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NYT likes the Internet

In the wake of yesterday’s repudiatathon of the WSJ.com’s misleading, inaccurate, biased, and wrong article on Net neutrality, the NY Times weighs in with a crisp, clear, and right-headed editorial.

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8 Responses to “NYT likes the Internet”

  1. You might want to read Eric Raymond to understand why both sides are mostly wrong on network neutrality.

    You – and the Times – seem to have amazing faith in the ability of the Feds to mandate a set of regulations to achieve this. As Raymond points out:

    Your typical network-neutrality activist is a good-government left-liberal who is instinctively hostile to market-based approaches. These people think, rather, that if they can somehow come up with the right regulatory formula, they can jawbone the government into making the telcos play nice. They’re ideologically incapable of questioning the assumption that bandwidth is a scarce “public good” that has to be regulated. They don’t get it that complicated regulations favor the incumbent who can afford to darken the sky with lawyers, and they really don’t get it about outright regulatory capture, a game at which the telcos are past masters.

    Which is not to say that the telcos are free marketers; they aren’t. I think Raymond makes a good case that both the telcos and the activists are deeply wrong. Worse, the activists are unwittingly playing the telcos’ game.

  2. Re: James. While I hardly hold a brief for Eric Raymond’s many and varied points of view (always interesting, but sometimes hard to swallow), I would also emphasize that previous waves of government telco regulation over data and voice have done…nothing.

    In the late 1990s, under a regulation-favorable administration, with laws in place and an FCC and FTC allied against giant firms (supposedly) and their predatory behavior, the ILECs engaged in a massive, continuous, orchestrated (not colluded) wave of discriminatory behavior against CLECs and independent data providers, like the several national DSL firms.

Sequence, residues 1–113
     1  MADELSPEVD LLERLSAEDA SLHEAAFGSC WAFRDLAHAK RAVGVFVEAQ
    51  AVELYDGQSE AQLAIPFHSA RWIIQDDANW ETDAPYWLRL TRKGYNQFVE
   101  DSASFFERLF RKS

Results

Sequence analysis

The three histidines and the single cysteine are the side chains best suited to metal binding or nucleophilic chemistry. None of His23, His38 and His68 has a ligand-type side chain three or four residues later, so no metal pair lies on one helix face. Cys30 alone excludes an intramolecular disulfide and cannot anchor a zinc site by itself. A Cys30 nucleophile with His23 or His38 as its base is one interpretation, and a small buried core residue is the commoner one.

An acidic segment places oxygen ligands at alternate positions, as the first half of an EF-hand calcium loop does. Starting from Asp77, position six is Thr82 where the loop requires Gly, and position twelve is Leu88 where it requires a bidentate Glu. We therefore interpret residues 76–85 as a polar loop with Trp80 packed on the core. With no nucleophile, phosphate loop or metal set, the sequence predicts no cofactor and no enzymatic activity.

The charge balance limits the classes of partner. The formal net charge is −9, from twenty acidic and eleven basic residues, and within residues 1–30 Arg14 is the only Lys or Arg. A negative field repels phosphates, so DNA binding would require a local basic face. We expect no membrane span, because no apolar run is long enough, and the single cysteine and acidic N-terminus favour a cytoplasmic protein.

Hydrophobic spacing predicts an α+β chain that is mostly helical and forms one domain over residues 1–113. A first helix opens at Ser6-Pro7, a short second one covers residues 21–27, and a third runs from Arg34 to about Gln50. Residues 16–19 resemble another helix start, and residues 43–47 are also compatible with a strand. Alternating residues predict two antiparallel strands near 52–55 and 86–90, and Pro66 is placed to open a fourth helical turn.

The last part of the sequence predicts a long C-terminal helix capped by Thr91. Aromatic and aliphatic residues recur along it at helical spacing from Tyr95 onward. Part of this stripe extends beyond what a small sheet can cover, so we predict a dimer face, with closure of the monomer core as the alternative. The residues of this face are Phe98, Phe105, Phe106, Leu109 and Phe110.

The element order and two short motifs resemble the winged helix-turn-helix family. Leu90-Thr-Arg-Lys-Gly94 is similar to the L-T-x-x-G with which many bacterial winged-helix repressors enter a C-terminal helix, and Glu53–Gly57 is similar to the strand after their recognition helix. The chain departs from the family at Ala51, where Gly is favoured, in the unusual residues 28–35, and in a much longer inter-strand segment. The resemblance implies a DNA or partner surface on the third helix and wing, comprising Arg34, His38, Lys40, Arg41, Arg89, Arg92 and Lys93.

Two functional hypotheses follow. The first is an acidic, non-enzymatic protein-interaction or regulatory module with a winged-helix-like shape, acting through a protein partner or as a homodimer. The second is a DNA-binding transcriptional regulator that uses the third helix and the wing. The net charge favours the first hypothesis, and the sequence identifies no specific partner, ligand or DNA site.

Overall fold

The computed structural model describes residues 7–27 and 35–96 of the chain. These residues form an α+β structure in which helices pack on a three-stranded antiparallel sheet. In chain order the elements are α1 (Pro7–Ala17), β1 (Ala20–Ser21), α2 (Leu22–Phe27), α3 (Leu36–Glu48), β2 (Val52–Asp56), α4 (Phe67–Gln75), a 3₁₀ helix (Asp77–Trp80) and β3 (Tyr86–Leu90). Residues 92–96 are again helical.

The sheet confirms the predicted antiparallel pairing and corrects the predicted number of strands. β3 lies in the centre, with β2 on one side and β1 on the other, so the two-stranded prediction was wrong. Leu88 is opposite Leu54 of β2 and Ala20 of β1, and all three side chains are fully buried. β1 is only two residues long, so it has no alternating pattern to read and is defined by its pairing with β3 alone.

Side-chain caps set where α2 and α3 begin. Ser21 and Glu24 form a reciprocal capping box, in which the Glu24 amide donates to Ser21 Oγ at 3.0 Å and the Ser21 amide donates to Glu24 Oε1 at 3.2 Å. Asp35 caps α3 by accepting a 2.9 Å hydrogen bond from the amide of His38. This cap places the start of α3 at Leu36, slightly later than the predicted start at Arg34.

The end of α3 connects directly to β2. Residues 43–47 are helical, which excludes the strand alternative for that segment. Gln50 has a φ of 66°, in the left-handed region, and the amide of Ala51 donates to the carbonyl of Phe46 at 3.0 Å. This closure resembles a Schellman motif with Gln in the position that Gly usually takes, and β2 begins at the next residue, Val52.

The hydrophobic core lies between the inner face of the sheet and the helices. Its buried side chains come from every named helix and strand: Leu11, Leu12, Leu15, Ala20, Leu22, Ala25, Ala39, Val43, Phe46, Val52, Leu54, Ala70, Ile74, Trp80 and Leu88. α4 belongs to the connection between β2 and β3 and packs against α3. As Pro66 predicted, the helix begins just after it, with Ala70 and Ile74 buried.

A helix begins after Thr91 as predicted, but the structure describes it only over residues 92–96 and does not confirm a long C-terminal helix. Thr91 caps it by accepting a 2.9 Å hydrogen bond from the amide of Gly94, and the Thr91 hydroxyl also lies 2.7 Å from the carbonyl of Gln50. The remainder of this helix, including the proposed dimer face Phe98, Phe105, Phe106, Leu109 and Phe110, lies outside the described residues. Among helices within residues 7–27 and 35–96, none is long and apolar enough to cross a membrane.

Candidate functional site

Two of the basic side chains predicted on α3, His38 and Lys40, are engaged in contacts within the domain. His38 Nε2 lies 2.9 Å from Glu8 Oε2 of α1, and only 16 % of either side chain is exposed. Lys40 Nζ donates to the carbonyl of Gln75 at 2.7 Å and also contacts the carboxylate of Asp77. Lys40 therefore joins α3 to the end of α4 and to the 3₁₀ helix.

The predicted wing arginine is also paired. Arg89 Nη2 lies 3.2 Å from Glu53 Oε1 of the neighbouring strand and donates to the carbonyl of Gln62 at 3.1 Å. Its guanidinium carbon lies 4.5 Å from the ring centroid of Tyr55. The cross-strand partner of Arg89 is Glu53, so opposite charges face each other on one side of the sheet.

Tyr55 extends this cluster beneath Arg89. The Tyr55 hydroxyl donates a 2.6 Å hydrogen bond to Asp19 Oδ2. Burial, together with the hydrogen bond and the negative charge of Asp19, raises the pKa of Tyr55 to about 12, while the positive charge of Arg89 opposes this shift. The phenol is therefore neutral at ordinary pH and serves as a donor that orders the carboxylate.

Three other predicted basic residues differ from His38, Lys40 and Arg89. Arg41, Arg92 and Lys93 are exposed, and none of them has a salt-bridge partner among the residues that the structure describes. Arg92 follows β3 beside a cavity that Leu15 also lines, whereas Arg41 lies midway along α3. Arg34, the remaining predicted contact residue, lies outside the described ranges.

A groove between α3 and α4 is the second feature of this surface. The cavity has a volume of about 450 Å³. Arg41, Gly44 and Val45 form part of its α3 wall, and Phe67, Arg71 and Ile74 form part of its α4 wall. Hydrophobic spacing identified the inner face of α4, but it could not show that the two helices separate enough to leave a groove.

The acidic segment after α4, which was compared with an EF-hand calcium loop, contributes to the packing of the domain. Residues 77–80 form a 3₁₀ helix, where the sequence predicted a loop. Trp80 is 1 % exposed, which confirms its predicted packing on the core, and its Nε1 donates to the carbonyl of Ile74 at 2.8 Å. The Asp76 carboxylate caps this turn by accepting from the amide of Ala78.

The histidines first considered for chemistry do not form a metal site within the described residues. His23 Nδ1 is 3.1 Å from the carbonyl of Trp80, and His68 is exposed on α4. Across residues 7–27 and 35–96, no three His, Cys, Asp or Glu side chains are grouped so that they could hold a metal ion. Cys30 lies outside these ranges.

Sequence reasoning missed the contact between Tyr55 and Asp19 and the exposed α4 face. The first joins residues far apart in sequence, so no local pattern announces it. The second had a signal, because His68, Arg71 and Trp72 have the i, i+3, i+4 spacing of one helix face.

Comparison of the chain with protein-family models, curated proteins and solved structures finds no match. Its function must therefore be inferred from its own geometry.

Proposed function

So even regulation couldn’t create competition because the giant telecoms and cable firms are far better positioned to fight the effects of regulation than the government is to enforce it, unless the government is willing to spend vast amounts on enforcements and decades-long lawsuits, by which time the point of the lawsuit is moot given that the companies involved are all bankrupt and gone except for the incumbents.

    Violating regulations has never caused telcos to blink, nor have the consequences changed their ability to make a buck and continue to discriminate.

    Thus, regulation has failed as it’s been attempted in the past.

    Establishing a means by which no large parties have chokeholds on the net, ensuring that the market wins, in that there are many different companies providing competing offerings, reducing the chance for one or two firms to dominate and set terms, is the hard part, isn’t it?

  3. Glenn,

    Yes. My point is that David’s fantasy that Federal “net neutrality” rules will help anyone other than the incumbents is laughable. He has maximum faith in technocratic rules, and doesn’t seem to grasp how easy it is for the incumbents to game those rules

  4. James, I agree with you. I would far prefer structural separation, preventing those who provide access from also selling us content and services. I would prefer once again requiring access providers to wholesale access to other ISPs. Net neutrality is weak tea compared to these changes because, yes, the telcos will do everything they can to ignore it or work around it. I do not believe that Net neutrality is the last word in what’s needed. It’s merely the first word, and we only need it because our infrastructure is so poorly structured.

    (I wrote about this 1.5 yrs ago here.)

  5. David,

    All you’re arguing for is more regulations that the telcos will continue to game, using their legions of lawyers. You completely fail to grasp the problem: you can pass whatever rules you want, but the incumbents will play fast and loose with those rules. The small entities that try to resell the lines you want to have them use will be squeezed the same way they were a decade ago, and their lawyers will be smaller and poorer than the ones the incumbents will deploy. You have way, way too much faith in technocratic rules, and way too little imagination in how the incumbents will happily make light work of them

  6. Law and regulations do sometimes have an effect. We had thousands of ISPs before the FCC decided to change the regs so that the access providers didn’t have to be wholesalers any more. So, I do have more faith than you in “technocratic rules,” i.e., in the rule of law and the possibility of governance.

  7. David,

    What companies do you suppose lobbied long and hard for that rule change? And for extra points, what companies gave tons of money to the Obama campaign specifically, and to Democrats in general?

  8. How would you suggest attaining net neutrality, or something like it, James?
    Or is your argument (or is it an observation?) one of pure fatalism?

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